Dovecotes of Tinos

Tinos Attraction

In the past, islanders raised doves for food and fertilizer, a practice learned from the Venetians. Today, 1000 dovecotes decorate Tinos' hills and cliffs.

The dovecotes of Tinos provide a distinctive and unexpected feature in the countryside landscape of the island, while they can be characterized as one of the "trademarks" of Tinos.

What are the Dovecotes of Tinos?

The Dovecotes of Tinos are imposing stone-built, two-storey buildings that are constructed in open locations like slopes and ravines in order to facilitate the pigeons to fly and to be protected from the winds. It is estimated that today there are about 600 surviving dovecotes on Tinos, while during the past there may have been more than 1000.

Although their interior structure between the dovecotes is almost identical, externally they are different. Each one has its own unique decoration and they are really unexpected works of art in the middle of the natural landscape.

When did the systematic breeding of pigeons began on Tinos island?

It is considered that the systematic breeding of pigeons started during the years of the Venetian rule (1390-1715), while it reached its peak during the years of Ottoman rule. In fact, initially, the Venetian feudal lords had the privilege of ownership since the dovecote was a symbol of noble origin and economic power. Something that changed with the beginning of the Ottoman Empire in 1715.

How do the dovecotes of Tinos look like?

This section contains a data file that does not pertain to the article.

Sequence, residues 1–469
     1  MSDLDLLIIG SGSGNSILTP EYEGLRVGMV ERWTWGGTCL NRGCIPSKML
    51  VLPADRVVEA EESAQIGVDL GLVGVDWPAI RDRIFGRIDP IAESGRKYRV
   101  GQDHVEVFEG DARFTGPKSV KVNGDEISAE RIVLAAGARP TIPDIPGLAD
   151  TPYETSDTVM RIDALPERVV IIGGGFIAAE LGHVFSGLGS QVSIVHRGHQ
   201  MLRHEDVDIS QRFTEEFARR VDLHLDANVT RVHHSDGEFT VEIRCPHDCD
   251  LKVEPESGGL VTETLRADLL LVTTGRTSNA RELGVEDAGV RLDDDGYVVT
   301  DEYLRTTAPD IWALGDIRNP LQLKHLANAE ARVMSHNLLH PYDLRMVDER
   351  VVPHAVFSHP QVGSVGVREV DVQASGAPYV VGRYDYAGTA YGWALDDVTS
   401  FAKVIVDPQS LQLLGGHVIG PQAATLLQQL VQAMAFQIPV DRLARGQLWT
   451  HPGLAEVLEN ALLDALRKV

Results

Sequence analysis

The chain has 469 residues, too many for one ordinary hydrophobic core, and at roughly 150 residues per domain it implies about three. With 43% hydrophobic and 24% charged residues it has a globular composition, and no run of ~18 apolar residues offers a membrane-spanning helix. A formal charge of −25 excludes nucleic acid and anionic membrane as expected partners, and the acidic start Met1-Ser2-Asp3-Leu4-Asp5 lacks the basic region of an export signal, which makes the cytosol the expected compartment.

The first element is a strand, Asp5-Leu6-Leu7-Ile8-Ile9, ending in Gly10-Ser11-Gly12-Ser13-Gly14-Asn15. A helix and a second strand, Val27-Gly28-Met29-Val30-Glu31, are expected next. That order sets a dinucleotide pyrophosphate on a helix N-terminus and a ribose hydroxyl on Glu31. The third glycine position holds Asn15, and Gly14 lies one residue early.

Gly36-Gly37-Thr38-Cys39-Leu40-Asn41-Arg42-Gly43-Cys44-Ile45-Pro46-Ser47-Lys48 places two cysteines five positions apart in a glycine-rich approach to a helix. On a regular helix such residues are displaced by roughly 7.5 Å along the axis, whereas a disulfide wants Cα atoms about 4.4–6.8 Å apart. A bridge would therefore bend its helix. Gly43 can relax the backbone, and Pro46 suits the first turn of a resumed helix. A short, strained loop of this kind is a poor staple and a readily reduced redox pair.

An ordinary dovecote has dimensions of 3 x 3 and a height of 5 meters. They are built in sheltered places and usually near a water source. Their openings, which are decorated, are usually facing the south. They have two floors with the first being used as a warehouse and the second is the pigeons' habitat.

The suitable place for building a dovecote is windless, in order to provide protection, broad and open, in order to facilitate the flight of the pigeons and for sure near a source of water.

What does the pigeon farming offer?

There may not be many active dovecotes today, but in previous centuries, pigeon breeding contributed greatly to the development of the island. The pigeons offered their meat as well as a good fertilizer while in the past it was the main export product of Tinos, contributing to the flourishing of the trade.

A dovecote that accommodates 50 pairs of pigeons can offer up to 200 kg of meat on an annual basis and 500 kg of manure which is considered the best fertilizer for fields and gardens.

About Dovecotes of Tinos

Last updated: 27 Apr 2021

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